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Discussion in 'General Skyrim Discussion' started by kyleekay, Jan 7, 2013.
This forum is one of the best places...full stop!
It is though, I hadn't written in a loooooooooong time before stumbling on this place. And the criticism is respectful. Y'all rock my face off.
There... are... showers here?!
All the lovely welcomes I received didn't mention that.
Showers and a masseuse...
If I can get a mani/pedi too this is heaven on earth.
Perhaps we could hire a lusty Argonian maid?
Indian head massage and I'm sold...
I mean, I'm already sold.
Bought the t-shirt and worn the t-shirt.
I can get a lusty maid of whatever race you want, I am the matron of the brothel, after all
We've already been over this Janus, it's part of my charm.
I will read it now!
Well for anyone who's interested, I'm writing about Ajira's adventures in my blog. Here's the first entry, and thanks again to all who helped me flesh out her character!
So it begins. | Skyrim Forums
A cracking effort thus far!
Will I be missing out on anything if I decide to create a roleplaying character with a certain personality/moral compass?
Missing out on content - yes. Missing out on enjoyment - no. You will gain much more satisfaction staying true to your character's personality and circumstance. You can experience the entire game with one character, but the stretches you have to make from an RP perspective will become comical.
What can I do to make the roleplaying experience more enjoyable, and make it feel more "real"/immersive?
Why are you in Helgen? Create at least a shallow biography of your character. From this biography, you will derive your motivations and aspirations. It doesn't have to strictly follow lore, but it should be somewhat plausible. You can inject unmentioned scenes into the story. To be brief, my character is an alcoholic and moon sugar addict, a vice passed down through many generations (Hint, my last name is "Cosades"). I was traveling with a Khajit caravan when our camp was beset by a force of Stormcloaks, led by none other than Ulfric. Ulfric ordered the torture and execution of all but one Khajit, who was set free as a warning. In my stupor I managed to stumble away, just as the Stormcloaks were attacked by Imperials. The Stormcloaks lost, and I was in no condition for anything but to be run down and captured. I'm knocked out, and wake up in an executioner's cart on my way to Helgen. None of this happened, but it is plausible and set me up for several factions to join, and other motivations. The vice of drugs and alcohol segued my character into the Companions for reasons that are getting to be beyond this reply.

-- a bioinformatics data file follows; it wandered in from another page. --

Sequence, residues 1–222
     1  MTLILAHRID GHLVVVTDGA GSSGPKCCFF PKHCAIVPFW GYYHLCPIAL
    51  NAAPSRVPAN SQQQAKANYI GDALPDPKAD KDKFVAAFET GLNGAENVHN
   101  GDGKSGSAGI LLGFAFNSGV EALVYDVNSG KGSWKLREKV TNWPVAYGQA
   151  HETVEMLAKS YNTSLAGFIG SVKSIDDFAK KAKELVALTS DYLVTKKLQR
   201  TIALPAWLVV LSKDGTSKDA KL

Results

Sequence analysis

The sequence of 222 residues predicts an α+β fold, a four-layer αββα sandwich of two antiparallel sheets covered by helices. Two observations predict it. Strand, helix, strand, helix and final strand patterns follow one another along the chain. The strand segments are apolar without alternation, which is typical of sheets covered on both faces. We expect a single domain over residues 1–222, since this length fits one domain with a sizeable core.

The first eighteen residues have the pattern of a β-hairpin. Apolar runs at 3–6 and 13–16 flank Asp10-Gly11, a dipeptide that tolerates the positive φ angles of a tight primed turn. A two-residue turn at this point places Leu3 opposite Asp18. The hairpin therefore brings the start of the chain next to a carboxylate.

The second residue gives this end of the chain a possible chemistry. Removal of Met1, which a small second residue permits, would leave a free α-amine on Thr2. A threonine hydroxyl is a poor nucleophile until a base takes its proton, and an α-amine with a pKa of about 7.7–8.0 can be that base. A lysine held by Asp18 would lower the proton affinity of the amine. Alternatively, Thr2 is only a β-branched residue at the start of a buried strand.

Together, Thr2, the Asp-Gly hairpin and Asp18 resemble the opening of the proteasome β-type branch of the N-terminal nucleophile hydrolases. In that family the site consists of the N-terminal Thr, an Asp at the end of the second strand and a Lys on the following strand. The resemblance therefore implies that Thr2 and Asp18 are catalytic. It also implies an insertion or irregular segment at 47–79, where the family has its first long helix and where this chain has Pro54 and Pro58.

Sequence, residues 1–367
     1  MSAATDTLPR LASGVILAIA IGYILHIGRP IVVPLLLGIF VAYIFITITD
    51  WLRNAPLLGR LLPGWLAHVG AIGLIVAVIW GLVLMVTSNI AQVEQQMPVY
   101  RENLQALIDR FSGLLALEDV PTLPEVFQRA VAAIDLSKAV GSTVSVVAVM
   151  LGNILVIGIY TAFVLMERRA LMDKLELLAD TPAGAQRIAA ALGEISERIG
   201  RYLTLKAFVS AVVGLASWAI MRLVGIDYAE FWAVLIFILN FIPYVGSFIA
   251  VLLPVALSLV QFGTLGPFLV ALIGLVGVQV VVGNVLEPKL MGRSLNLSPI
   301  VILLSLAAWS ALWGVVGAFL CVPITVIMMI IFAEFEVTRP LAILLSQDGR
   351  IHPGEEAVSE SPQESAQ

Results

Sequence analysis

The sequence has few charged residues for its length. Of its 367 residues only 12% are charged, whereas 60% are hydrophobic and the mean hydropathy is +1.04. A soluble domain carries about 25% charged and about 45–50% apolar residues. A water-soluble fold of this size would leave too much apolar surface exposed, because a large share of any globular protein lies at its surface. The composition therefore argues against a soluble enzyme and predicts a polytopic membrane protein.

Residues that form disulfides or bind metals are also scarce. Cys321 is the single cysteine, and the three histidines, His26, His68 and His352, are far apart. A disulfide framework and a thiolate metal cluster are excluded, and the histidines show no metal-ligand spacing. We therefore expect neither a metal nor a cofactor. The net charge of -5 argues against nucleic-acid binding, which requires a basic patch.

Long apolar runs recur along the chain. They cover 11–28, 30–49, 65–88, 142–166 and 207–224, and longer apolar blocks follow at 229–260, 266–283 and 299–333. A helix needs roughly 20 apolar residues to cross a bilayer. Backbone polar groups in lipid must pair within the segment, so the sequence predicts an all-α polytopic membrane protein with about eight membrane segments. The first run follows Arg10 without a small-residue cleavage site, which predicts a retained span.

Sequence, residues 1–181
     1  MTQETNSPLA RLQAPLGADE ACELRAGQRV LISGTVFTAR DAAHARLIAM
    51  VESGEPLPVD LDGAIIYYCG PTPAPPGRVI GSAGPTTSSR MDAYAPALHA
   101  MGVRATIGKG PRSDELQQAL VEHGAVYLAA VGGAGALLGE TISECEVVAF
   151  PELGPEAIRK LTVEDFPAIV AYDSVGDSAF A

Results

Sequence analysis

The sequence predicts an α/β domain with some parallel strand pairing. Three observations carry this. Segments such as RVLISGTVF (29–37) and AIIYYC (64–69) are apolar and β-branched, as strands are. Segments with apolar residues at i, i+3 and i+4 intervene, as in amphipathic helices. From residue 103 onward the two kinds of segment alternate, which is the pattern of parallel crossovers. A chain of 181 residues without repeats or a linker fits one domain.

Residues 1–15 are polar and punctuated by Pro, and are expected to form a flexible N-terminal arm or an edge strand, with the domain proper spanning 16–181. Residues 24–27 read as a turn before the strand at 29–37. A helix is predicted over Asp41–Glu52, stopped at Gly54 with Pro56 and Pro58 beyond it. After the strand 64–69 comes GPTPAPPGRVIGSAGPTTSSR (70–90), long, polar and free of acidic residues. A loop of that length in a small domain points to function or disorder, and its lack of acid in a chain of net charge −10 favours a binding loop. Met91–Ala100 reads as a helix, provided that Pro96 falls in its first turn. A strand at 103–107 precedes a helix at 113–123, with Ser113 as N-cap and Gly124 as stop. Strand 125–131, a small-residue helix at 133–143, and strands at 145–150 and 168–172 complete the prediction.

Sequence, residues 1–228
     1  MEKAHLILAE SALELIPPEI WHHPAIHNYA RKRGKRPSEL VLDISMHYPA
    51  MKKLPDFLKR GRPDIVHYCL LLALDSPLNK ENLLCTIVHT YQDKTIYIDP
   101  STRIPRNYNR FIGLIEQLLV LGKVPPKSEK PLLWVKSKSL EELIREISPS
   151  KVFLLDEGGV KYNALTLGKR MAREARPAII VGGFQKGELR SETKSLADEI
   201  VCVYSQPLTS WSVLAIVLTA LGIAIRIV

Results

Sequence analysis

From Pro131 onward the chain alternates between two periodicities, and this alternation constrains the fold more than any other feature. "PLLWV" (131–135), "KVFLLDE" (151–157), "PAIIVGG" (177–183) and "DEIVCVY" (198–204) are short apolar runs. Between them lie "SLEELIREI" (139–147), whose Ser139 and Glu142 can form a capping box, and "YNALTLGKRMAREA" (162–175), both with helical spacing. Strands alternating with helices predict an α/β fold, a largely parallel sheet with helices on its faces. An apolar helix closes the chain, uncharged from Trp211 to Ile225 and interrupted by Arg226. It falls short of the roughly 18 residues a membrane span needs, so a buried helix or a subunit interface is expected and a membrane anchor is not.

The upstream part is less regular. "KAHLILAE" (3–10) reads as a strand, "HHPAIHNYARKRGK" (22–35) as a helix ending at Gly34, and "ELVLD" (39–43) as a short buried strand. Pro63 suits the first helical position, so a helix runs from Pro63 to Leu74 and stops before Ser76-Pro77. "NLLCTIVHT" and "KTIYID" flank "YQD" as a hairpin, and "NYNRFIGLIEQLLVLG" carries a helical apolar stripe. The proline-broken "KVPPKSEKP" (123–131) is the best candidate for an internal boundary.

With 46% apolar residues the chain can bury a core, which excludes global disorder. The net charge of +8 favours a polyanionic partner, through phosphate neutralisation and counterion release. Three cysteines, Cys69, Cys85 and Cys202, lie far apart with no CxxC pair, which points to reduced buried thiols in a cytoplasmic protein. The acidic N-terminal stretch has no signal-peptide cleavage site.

How do you stick to who your character is, given the variety of options/quests in the game?
Your character can and will change. Nothing in this or any world is static. How hard it is to change is up to you, but when you do change, have a reason.
Do you find that the main quest takes away from your character's personality?
Negative. There is nothing about discovering you possess an ancient power of dragons that is not desirable to any character. If you find the questline to be strongly against you, imagine that the shout, triggered by the that first battle, manifests itself in a painful way unless released. Perhaps you begin to suffer headaches which are relieved by shouting, but they begin to escalate to debilitating migraines, requiring a level of control offered only by the Greybeards. You may not like it, but this is who you are.